A nonprofit publication of the Kentucky Center for Public Service Journalism

Wet week intensifies stressed pasture problems, creating more challenges for Kentucky farmers


By Aimee Nielson
University of Kentucky

Agricultural land in the Bluegrass state is saturated with abundant rainfall from recent weeks. A new system threatens to drop 3 to 5 inches on top of soaked pastures, creating more problems for farmers who are already facing weather-related challenges with nutrition and overall animal health.

“Unfortunately, more rain is on the way,” said Matthew Dixon, agricultural meteorologist for the University of Kentucky College of Agriculture, Food and Environment. “The entire state is under a flood watch that will last into the morning of Feb. 21.”

February rains are wreaking havoc on already-saturated Kentucky pastures. (Photo by Aimee Nielson)

These conditions are not new to Kentucky’s livestock producers with record-setting precipitation over the past year. Dixon said the current system is poised to come in waves throughout the week and into the weekend with rainfall moderate to heavy at times.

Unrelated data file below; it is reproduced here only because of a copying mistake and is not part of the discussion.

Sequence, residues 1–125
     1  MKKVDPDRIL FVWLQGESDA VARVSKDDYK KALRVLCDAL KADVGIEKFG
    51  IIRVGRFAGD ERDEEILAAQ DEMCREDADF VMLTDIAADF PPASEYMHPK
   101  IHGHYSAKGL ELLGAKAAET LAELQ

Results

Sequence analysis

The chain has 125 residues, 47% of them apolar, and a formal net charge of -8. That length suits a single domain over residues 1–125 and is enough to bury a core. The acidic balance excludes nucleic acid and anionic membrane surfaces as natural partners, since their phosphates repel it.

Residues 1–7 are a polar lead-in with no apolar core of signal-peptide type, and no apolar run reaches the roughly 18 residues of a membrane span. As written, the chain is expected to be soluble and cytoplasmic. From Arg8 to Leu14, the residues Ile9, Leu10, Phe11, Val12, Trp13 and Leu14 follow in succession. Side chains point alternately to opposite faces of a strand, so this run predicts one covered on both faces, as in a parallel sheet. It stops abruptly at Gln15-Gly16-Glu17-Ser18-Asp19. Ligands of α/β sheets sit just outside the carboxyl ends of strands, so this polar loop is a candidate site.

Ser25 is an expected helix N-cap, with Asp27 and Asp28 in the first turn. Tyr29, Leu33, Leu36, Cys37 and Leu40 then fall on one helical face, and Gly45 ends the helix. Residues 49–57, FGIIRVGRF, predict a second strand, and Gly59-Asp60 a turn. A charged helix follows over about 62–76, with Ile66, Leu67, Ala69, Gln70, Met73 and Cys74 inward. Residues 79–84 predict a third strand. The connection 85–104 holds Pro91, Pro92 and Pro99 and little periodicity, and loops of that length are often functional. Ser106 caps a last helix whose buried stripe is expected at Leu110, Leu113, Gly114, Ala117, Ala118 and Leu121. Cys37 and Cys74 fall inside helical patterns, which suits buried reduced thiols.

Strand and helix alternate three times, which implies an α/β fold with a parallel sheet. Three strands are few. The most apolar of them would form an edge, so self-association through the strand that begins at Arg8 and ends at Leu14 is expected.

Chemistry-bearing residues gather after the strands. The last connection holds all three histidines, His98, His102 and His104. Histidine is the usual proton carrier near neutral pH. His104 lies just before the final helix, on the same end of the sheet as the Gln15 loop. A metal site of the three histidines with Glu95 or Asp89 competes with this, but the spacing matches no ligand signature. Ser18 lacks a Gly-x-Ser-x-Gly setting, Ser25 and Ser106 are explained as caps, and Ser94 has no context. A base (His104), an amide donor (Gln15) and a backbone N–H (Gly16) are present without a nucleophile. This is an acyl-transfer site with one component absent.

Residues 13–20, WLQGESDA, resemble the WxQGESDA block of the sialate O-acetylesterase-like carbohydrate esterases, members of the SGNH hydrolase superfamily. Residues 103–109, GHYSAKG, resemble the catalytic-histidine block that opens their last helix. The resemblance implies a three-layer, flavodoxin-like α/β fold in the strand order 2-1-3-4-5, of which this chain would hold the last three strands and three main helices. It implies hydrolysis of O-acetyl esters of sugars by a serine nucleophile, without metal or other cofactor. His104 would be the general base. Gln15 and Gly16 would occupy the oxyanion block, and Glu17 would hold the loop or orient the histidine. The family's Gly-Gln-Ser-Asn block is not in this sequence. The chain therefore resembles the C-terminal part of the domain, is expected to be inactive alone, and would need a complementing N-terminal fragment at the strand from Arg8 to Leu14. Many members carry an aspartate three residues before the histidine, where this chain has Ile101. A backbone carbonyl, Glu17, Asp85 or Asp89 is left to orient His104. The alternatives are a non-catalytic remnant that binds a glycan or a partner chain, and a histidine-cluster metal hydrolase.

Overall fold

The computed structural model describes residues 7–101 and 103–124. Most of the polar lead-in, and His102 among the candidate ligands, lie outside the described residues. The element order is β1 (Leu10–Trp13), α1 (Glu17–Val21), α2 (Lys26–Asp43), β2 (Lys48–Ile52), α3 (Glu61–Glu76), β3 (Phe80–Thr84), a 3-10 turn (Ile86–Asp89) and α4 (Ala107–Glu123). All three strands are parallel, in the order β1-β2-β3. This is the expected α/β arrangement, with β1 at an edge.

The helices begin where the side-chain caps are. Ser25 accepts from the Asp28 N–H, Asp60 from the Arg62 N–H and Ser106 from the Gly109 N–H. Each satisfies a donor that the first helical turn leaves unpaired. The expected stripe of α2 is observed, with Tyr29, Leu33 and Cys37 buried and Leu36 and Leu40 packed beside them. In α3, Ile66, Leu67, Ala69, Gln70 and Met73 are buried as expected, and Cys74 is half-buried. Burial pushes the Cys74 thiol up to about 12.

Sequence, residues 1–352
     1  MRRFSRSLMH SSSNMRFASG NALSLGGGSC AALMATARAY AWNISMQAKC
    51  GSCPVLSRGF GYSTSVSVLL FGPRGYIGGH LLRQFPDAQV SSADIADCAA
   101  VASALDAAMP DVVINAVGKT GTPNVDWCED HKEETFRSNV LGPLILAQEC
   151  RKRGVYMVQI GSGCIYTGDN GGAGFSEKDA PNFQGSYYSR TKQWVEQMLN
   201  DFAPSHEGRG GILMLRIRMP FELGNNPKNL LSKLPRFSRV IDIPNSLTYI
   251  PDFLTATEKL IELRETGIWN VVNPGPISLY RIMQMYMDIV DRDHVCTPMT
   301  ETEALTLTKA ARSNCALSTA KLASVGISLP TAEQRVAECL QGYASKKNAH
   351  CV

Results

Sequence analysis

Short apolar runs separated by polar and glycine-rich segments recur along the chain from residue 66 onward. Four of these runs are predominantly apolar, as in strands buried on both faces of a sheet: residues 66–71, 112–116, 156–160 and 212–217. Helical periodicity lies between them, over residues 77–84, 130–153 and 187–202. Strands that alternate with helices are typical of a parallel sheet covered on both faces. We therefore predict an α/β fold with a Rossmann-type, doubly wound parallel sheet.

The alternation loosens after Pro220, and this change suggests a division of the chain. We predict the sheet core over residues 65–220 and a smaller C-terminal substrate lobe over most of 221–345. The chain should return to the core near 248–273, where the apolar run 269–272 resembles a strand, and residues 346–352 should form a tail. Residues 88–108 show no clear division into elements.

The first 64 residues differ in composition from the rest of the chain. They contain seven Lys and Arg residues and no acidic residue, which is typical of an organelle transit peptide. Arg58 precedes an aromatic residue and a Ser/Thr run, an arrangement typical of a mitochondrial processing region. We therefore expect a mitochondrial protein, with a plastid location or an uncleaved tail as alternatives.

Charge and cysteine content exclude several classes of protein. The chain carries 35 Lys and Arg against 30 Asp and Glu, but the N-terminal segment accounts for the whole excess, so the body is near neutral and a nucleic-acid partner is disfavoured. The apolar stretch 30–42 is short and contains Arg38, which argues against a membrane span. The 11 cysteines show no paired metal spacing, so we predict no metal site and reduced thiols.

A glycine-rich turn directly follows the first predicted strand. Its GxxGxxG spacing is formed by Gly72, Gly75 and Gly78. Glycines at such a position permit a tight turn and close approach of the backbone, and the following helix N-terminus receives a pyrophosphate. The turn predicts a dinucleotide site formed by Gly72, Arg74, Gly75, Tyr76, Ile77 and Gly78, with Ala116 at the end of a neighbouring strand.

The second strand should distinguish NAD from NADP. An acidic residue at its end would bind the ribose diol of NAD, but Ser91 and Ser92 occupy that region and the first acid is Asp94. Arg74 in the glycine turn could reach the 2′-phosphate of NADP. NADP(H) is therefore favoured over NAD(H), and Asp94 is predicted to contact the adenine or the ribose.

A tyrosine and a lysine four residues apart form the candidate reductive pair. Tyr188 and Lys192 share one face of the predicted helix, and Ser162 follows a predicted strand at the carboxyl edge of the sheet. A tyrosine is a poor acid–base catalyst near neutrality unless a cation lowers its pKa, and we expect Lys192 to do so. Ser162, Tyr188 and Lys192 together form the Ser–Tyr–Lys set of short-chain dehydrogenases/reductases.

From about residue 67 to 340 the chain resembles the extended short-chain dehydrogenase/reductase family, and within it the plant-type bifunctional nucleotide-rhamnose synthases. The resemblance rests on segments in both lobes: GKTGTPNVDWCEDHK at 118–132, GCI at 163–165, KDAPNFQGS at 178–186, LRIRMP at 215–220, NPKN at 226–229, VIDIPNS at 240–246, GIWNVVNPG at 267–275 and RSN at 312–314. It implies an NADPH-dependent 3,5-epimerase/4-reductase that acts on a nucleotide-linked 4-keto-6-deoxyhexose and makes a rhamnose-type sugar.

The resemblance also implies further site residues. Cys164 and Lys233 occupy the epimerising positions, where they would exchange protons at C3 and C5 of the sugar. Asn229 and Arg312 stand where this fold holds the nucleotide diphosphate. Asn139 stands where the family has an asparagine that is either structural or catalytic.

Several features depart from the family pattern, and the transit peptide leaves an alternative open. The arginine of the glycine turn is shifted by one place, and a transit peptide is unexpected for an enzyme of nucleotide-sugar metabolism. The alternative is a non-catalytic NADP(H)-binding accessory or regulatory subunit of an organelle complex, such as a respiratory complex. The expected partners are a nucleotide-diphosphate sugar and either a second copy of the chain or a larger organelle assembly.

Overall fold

Low-lying areas will be the most vulnerable, but all pastures are soaked at this point and can present difficulties.

He said flooding is likely. Some area rivers are already under flood warnings and any additional rainfall this week will only worsen the problem.

“Anytime producers can know in advance of potential flooding conditions, it gives them a chance to prepare their animals,” said Bob Coleman, UK equine specialist. “It would be wise to move livestock in low-lying areas to higher ground as a precaution. It’s also a good time to make sure you have enough feed supplies so that animals do not get cut off due to unexpected flooding.”

Based on data from the UK Ag Weather Center, Kentucky has averaged 5.27 inches of rainfall for the month, through Feb. 18.

“This is nearly 3 inches above normal for that time span,” Dixon said. “Putting it into perspective—5.27 inches would place Kentucky within the top 15 wettest Februarys on record going back to 1895.”

The all-time record for February was 1989 with 9.85 inches. February 2018 was the second wettest on record with 8.95 inches.

“The bottom line is that it will be back-to-back years of exceptionally wet Februarys and all the challenges that come with that,” Dixon added.


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